moved America’s cultural needle from a baseball mentality

increasingly difficult to make art there as a young artist

to a football mentality.

unless you have a sizeable trust fund. Philadelphia is not known for its glamour as much as for EAGLES and EAKINS

its pragmatism. Thomas Eakins, Louis Kahn, and Terry

Philadelphia has long been aware of its underdog status. A

Gross are not necessarily sexy, just good and solid.

2001 drawing by the Philadelphia artist Anthony Campuzano

Likewise, the painters I chose for this show display a

entitled The Blues wackily illustrates and paraphrases

comprehensive command of their work and a dedication to

a quote from Nathaniel Burt’s 1963 book The Perennial

seeing things through to conclusion.

Philadelphians that refers to the demise of prominent Philadelphian Nathaniel Biddle in the 1840’s:

A PHILADELPHIA EDUCATION I can’t speak for every painter in this show, but by

Let vulgar Washington take over politics

providing a perspective on the 35 years that I have known

And vulgar New York take over finance

the city of Philadelphia, I believe I will be able to provide

Let even schoolmarmish Boston be first in books

a few touchstones common to us all. What follows is a

Philadelphia would no longer be first in anything but at

snapshot of my Philadelphia art education.

least it would be Philadelphian The Queen Mother of all art in Philadelphia is The Philadelphia still has an admirable showing in the attributes

Philadelphia Museum of Art, which was under the able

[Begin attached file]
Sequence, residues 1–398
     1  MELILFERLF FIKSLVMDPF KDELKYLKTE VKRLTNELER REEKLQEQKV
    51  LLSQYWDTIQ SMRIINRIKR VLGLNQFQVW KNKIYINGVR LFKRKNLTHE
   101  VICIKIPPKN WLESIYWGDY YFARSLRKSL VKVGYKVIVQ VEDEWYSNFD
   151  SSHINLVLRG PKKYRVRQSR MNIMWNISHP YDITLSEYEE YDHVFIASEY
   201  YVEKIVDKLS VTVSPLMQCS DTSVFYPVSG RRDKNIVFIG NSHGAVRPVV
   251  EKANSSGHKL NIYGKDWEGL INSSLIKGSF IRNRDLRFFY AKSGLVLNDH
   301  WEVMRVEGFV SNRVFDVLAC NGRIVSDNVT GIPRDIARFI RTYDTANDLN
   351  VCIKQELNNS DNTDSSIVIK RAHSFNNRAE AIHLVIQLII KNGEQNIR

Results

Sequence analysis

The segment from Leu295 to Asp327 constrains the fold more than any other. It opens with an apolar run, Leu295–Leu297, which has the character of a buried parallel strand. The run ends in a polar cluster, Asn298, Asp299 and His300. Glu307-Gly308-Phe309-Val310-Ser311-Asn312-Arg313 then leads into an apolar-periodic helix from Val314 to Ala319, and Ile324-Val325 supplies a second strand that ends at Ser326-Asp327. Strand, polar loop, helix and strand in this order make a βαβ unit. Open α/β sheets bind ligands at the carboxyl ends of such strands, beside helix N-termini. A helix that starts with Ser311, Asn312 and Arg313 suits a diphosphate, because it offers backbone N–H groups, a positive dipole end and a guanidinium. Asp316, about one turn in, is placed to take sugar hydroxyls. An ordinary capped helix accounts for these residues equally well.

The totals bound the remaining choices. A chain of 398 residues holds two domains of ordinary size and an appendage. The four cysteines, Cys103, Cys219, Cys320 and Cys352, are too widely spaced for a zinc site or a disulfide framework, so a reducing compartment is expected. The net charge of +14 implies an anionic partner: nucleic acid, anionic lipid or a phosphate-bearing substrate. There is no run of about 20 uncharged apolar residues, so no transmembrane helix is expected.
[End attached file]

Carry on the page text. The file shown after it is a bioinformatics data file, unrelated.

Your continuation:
that Biddle was fearful of losing, but Philadelphia is

and steady direction of Anne d’Harnoncourt for most of

probably better known for having plenty of guts, self-

the years to which I refer. I grew up in a small central

deprecating sarcastic humor, and a do-it–yourself pride.

Pennsylvania town, four hours from any major city, where

Often its visual contributions could be considered prosaic,

mediocre reproductions and Robert Hughes’ PBS series

from The Saturday Evening Post via Curtis Publishing to

The Shock of the New were among my best sources

Comcast, the mega-billions company whose goal is to

of reference. Robert Hughes had me pumped to see

control how we consume the images of the future. An

Duchamp. On my first trip to the PMA in 1981 it was

excellent example of Philadelphia’s understated influence

great to stand in the presence of the Large Glass. I

is NFL Films. Starting in 1965, NFL Films was overseen

soon learned you don’t look at Duchamp, you decipher,

by the father and son team of Ed and Steve Sabol in a

decode, and think about his ideas. Then you have to deal

non-descript, two story building at 230 N. 13th St. Many

with them. The piece that had real impact on that trip

was Picasso’s 1906 Self-Portrait with Palette. There are

from leading a life of exile in Arkansas; Vuillard kissing

passages in that painting that are gooey and thick and I

his sister; and Rousseau…where did those monkeys in

remember thinking to myself - WOW, you’re allowed to do

the jungle get that bottle of milk and backscratchers? In

that! As a student at Tyler from 1982-1986 I had time to

1996 The PMA hosted a monumental Cezanne exhibition.

digest the power of the collection, but more importantly I

Philadelphia also hosted the 1996 MLB All-Star game.

discovered its idiosyncrasies. I recalibrated everything that

In the PMA bookstore was the craziest souvenir ever:

I was being taught when I saw Horace Pippin’s The End

Cezanne’s ca. 1904 Still Life with Ginger Jar, Sugar Bowl,

of the War: Starting Home 1930-1933. That frame! That

and Oranges printed on a baseball!?! I debated, but didn’t

paint! I never saw anything like this! This is something

bite. Does anyone have one of these? I will pay $100 on

you cannot teach or learn. That room also had two

the spot for the first one presented. Ah… Philadelphia!